Amos spoke of scales weighted in favor of the well-to-do and of God holding a plumb line to measure crooked lives. I have this level on my wall telling me to get inside the skin of those harmed by my privileged life. I am an unwitting participant in far too much systemic injustice, more than I’d like to believe. Every system, societal practice, purchase and piece of legislation that benefits me at the expense of the dignity of some other human being is wrong.

I remember Tim Wise once saying that there are a whole lot of us who were born on third base yet think we hit a triple. That’s good. Maybe next week I’ll have to put up a picture of a baseball diamond, right next to Rudy’s level. There is space on the wall. (From “Balance and Privilege”, by Martin Marty, in “Theolog: The Blog of The Christian Century”, July 12, 2010, available at


1)      What is your response to this passage?

2)      Where do your own discomforts lie with this passage?

3)      What is is that causes us to live lives so out of balance?

4)      What message of hope do you hear?

5)      What response does this call us to make?



NEW TESTAMENT:  Colossians 1: 15-28

To read the Epistle passage

The first part of this passage is a sort of “hymn”, proclaiming Christ above all things of this world, proclaiming Christ as the very image of God.  It is followed by this address to the Colossians.

As Christianity spread beyond the world of Jewish hopes, the acclamation of Jesus as the Christ became more an acclamation that God had made Jesus king in a much broader sense. Christians began to declare that Jesus will be lord of all. He will unite all people, indeed, everything in one single realm of God’s goodness. “Who is the power or rule or beginning”: this means God has enthroned him, but it also affirms that Christ was there from the beginning. This association of ideas is present in the next phrase: “the firstborn from the dead”. It means, he was the first to be raised from the dead and also that he is God’s firstborn son. Traditionally, the firstborn inherited the major power in a household.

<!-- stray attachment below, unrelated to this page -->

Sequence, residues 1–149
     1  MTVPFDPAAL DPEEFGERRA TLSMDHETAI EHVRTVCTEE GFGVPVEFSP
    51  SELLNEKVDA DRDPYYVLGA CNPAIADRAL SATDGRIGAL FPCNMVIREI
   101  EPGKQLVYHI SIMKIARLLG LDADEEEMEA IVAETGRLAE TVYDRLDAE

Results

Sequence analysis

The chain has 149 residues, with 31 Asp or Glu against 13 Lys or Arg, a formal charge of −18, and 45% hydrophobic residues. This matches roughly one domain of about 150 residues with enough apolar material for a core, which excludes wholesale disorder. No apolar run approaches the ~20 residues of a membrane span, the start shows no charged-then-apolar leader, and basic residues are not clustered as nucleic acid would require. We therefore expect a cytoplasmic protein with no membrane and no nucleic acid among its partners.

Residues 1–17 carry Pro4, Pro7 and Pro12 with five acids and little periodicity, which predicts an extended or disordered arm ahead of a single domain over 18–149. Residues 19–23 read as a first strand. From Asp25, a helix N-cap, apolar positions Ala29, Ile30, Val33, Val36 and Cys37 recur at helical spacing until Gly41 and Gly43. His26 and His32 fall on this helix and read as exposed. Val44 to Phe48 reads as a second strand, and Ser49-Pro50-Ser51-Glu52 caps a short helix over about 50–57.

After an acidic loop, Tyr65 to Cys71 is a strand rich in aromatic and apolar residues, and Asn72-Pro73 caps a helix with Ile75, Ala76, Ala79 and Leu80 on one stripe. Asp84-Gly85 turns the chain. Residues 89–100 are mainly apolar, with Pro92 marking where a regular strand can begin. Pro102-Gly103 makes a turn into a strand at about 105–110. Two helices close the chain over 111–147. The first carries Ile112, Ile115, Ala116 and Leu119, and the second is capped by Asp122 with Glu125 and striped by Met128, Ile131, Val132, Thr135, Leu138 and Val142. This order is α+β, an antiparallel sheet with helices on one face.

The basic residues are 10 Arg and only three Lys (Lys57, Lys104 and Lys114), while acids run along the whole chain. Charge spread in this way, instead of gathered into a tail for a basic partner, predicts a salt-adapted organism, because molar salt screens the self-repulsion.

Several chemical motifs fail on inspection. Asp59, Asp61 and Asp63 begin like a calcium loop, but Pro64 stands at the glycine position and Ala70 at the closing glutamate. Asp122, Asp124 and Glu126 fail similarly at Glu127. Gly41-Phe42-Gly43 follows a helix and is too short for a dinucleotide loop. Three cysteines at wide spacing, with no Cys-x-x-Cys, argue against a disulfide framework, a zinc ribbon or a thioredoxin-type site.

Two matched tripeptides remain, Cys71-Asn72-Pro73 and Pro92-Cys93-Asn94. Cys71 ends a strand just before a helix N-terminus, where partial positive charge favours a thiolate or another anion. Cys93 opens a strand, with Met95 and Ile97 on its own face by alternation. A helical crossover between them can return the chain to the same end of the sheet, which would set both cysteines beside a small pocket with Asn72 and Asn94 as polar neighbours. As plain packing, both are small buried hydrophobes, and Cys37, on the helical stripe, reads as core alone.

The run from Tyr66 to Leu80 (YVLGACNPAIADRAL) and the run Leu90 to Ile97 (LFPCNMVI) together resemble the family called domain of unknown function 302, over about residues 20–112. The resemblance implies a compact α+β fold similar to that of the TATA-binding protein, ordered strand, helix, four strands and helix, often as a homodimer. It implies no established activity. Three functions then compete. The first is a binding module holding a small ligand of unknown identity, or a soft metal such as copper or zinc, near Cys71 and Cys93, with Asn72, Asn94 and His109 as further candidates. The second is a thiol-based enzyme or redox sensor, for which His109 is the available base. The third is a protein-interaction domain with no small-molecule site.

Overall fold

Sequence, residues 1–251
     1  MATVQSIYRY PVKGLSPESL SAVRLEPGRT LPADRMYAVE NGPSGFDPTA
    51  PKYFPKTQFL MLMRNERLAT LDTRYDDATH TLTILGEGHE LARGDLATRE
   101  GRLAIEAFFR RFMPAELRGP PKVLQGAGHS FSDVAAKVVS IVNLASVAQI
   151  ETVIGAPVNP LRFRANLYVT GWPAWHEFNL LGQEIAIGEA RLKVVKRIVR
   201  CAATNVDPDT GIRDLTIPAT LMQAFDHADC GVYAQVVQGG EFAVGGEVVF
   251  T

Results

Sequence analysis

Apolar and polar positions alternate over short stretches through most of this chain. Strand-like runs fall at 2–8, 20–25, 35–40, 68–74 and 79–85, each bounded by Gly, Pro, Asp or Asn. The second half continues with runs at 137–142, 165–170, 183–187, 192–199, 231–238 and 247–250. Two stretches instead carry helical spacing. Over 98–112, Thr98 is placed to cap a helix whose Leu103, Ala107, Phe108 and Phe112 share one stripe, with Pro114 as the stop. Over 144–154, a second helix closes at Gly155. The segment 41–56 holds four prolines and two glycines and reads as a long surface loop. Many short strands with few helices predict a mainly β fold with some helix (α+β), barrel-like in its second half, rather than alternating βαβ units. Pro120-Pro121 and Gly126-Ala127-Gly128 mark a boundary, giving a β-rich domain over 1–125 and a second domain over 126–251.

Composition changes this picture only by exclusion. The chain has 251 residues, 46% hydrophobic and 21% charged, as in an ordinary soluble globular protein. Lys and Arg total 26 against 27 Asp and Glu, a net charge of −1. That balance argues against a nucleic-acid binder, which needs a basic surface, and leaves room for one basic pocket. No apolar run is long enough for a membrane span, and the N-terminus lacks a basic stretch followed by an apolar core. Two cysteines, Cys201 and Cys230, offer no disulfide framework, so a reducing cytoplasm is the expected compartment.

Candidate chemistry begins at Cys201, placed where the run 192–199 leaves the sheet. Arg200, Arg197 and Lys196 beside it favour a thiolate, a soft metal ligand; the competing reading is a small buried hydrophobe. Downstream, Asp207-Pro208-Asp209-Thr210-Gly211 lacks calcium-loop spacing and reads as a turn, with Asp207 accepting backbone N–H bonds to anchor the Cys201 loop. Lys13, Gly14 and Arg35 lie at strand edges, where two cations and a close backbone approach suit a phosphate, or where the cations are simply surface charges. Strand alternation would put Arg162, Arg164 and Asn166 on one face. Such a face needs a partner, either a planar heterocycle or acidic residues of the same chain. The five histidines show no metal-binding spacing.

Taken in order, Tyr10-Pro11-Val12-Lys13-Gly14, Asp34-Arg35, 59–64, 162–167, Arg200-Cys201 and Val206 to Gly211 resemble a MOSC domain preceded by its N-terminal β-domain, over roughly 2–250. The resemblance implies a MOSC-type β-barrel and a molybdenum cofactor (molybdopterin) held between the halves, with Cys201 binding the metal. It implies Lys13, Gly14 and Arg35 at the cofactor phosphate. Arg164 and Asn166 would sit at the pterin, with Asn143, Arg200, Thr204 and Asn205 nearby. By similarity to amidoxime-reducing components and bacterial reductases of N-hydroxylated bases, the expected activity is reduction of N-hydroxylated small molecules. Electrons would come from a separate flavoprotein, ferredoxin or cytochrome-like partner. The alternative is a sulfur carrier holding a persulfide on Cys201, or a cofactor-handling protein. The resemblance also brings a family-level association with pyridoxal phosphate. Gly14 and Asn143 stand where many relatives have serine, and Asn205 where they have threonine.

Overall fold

In other words, the old messianic hope has now been transformed, so that it affirms Christ’s resurrection as the moment when something new began: Christ was raised from the dead, the first of many to come, but as the first he is also the leader and will bring about the rule or kingdom of God throughout the whole created order of things. God’s fullness chose to live in Christ. On that basis he will seek to bring about peace in the entire universe: peace with God and peace among all peoples and things.

The writer of the letter also mentions the church. The big vision is that the church is the name for what Christ created at his resurrection rather than a small building on some corner of a city. It is wherever God’s goodness comes to rule. These are grand thoughts. They are easily open to abuse. Some have seen the church as destined to control all political power on earth as part of this vision, often with disastrous consequences. But if we allow the abstractions of the poetry to settle and see beneath and beyond them, the vision is really about God’s love through Christ filling the universe, an echo of the notion that the earth shall be filled with the glory of God. It is a vision of reconciliation with God and among people. It also invites us to include in this the whole creation. It is also very confronting of any and all powers which set themselves up as above love and above God, including both political powers and our own ideas and constructs of our religion.

You could read this as if the writer (probably not Paul) was just trying to get his or her readers back to basics, back to what matters.  Maybe it was meant to be a reminder of why we’re here at all, why we believe, why we are the church in the first place.  What is it that motivates us to stick around, to keep the church going, to work toward that vision that God holds?  And maybe it’s a reminder to not let the “ways of churching” get in the way of what we’re really about.  Just stick to the purpose.  But, first, we have to know what that is.  What does it mean to “present everyone mature in Christ”?